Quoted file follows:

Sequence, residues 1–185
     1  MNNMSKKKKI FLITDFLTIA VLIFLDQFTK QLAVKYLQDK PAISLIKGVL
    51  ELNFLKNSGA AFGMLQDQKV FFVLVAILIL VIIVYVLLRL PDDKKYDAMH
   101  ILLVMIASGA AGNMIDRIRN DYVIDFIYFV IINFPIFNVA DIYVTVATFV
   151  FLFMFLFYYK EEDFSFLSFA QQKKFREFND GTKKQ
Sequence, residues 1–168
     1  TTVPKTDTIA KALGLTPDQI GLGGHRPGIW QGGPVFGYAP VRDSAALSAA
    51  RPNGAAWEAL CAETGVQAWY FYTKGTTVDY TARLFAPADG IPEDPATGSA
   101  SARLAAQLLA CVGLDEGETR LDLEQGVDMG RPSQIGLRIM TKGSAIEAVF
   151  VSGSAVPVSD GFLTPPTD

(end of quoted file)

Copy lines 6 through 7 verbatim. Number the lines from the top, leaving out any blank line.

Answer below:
Sequence, residues 1–168
     1  TTVPKTDTIA KALGLTPDQI GLGGHRPGIW QGGPVFGYAP VRDSAALSAA